It's probably not that big of a surprise that Samsung has officially announced its new Samsung Galaxy Note 10.1 tablet. The tablet is what was expected--a 10.1-inch screen that features an S-Pen stylus for input. The tablet is Wi-Fi only and will be available tomorrow for $499 for the 16GB model or $549 for the 32GB model.
The device, as it sits, comes with only Android 4.0, although it is slated for an update to Jelly Bean later this year. It's powered by a 1.4GHz quad-core and 2GB of RAM. The screen seems a bit low-res coming in at only 1280×800 on a TFT display. The rear camera also seems a bit underwhelming, coming in at a mere 5MP with autofocus and a LED flash.
The front camera comes in at 1.9-megapixels, again a bit lower than expected. The device supports up to 64GB memory cards and has Bluteooth 4.0 and USB 2.0 support, though the latter requires an adapter. If this is a device that interests you, you can head over to Samsung's website tomorrow and purchase one.
Microsoft has been quiet about pricing for the upcoming Surface tablets. Announced out of nowhere, Microsoft showed off an incredibly polished tablet and told us all about it. Everything we could want to know was laid out--except launch date and launch price. We now know the launch date, and reports are now surfacing regarding the launch price.
Of course, take this with the usual grain of salt--throw some over your shoulder just to be safe. Citing an inside source, Engadget is reporting that the launch price will be $199. This is reportedly from a session, which laid out all of the launch details, held at Microsoft's TechReady15 conference.
There's no way Microsoft is producing the tablets for that money, so they must be doing what console manufacturers have been doing for years: trying to make their money back off of the software and games sold for the device. At that price, it's in direct competition with the new Google Nexus 7 and is cheaper than the iPad (and rumored iPad mini).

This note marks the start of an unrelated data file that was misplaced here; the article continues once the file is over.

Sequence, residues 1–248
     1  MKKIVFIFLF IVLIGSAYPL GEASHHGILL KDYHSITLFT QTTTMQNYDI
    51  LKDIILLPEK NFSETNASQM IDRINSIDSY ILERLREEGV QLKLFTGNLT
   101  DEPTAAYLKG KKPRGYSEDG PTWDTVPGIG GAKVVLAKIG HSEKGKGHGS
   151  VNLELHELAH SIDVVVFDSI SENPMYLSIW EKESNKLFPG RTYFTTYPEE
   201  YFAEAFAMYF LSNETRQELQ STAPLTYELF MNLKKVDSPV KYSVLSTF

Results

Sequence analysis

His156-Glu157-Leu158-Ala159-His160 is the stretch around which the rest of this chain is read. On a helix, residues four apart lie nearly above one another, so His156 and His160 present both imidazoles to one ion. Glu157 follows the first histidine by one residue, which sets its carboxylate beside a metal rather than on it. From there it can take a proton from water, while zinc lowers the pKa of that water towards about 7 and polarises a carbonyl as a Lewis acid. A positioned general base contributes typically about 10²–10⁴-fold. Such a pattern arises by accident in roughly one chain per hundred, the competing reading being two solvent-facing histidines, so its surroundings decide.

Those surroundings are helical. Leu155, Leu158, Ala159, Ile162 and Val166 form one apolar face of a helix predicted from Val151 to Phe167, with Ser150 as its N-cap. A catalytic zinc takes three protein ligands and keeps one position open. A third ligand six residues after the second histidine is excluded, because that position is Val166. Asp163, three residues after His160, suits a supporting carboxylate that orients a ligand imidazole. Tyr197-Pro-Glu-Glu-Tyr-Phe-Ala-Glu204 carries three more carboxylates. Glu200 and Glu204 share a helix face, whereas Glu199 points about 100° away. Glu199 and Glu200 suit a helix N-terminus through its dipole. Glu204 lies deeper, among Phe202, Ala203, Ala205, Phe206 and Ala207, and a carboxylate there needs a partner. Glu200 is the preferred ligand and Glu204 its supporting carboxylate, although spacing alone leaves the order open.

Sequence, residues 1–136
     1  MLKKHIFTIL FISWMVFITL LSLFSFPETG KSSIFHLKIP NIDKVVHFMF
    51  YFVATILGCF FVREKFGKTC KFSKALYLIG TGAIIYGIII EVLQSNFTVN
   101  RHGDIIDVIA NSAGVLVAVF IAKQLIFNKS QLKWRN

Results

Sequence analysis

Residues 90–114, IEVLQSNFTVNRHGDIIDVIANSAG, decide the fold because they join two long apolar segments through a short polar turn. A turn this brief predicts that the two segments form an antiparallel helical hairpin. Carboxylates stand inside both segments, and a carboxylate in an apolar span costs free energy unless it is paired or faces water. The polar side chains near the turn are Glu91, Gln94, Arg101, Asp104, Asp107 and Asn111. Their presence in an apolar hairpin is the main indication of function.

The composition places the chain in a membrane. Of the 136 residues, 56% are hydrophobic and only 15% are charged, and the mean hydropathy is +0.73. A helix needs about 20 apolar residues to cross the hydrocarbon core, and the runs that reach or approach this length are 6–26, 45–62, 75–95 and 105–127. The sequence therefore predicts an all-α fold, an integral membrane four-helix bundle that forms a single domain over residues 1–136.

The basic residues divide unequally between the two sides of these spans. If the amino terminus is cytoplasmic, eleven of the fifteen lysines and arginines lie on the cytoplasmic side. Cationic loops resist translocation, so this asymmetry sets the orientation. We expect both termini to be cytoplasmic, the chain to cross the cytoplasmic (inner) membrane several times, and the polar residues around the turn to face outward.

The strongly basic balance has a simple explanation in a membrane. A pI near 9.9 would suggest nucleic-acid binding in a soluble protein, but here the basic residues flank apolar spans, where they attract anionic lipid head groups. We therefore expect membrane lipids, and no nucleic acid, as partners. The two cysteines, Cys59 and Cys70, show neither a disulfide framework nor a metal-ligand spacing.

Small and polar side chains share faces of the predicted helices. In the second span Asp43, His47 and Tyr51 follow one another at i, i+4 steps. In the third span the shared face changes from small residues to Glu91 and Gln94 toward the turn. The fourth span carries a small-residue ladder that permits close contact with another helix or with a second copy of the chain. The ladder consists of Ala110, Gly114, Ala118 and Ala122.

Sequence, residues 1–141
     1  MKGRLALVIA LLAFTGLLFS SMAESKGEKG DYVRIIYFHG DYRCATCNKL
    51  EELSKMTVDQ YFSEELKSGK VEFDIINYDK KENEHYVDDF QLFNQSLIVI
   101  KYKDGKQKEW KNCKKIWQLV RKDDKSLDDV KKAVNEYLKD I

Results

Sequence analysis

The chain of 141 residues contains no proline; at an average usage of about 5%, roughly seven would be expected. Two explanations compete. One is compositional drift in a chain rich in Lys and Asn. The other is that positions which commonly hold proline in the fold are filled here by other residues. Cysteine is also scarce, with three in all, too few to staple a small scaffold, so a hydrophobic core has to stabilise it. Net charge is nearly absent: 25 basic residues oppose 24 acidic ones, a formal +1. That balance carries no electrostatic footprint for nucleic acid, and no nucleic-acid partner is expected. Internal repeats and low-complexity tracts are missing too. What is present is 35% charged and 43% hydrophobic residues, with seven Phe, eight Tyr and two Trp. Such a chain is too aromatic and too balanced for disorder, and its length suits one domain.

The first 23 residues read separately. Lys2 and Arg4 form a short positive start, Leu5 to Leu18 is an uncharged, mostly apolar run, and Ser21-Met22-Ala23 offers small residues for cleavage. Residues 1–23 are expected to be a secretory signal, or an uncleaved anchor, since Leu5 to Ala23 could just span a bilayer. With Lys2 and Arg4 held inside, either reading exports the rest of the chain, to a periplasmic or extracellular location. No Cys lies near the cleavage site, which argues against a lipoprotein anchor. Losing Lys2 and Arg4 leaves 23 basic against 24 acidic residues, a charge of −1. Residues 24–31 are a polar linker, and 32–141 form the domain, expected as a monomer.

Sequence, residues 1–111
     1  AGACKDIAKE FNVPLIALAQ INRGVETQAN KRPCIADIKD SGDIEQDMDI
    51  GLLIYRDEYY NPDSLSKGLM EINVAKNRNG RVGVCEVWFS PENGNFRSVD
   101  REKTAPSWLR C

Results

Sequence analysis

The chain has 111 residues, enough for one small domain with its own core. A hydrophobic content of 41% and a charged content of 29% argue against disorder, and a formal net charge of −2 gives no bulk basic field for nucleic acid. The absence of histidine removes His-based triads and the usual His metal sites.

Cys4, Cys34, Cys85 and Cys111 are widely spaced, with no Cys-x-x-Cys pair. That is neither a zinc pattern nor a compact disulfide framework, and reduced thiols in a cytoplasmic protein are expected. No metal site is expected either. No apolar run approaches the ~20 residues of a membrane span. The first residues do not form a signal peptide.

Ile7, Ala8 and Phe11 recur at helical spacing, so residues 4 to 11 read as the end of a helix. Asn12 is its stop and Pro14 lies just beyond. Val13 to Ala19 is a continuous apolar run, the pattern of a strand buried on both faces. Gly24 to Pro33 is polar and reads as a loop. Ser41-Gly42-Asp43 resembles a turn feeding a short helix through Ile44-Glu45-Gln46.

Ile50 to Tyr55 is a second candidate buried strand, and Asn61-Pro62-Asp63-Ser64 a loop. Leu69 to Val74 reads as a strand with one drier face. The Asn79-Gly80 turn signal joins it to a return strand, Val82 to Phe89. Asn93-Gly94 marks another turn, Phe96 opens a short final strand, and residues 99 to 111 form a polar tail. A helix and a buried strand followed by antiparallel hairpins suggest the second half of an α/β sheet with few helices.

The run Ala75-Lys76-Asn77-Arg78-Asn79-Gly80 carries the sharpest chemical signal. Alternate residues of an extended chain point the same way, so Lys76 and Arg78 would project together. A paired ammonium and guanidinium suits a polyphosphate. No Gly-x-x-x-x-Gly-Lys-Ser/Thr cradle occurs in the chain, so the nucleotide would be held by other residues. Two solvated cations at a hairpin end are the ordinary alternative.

However, we are still separated from launch date, October 26, by more than two months so there is still time for things to change. Microsoft's partners may put up enough of a fight for the tablet to not launch at that price so as to not undercut them. One thing is for sure, if it launches at $199, I'll be one of the first in line to purchase one.
An anonymous source talking to GSMArena has stated that the update to Jelly Bean for Samsung Galaxy S III users will debut alongside the Galaxy Note II at Samsung's press conference on August 29. The fact an update is coming comes as no surprise to us as a few weeks ago information popped up about it being developed.
At that time, however, no release date was given and it was thought that it would launch late Q3 or early Q4. The anonymous tipster has said that the update is ready to go. Galaxy S II and Note owners will have to wait it a bit longer, if they will get it at all. Testing is currently on-going at the Korean smartphone giant.
The tests are reportedly "looking fine" but no date has been given for the release. Given strong international sales of both the Galaxy S II and Galaxy Note, it's somewhat unlikely that Samsung won't come through with an update. If they don't, there are plenty of hardware hackers on XDA-developers that will provide a ROM.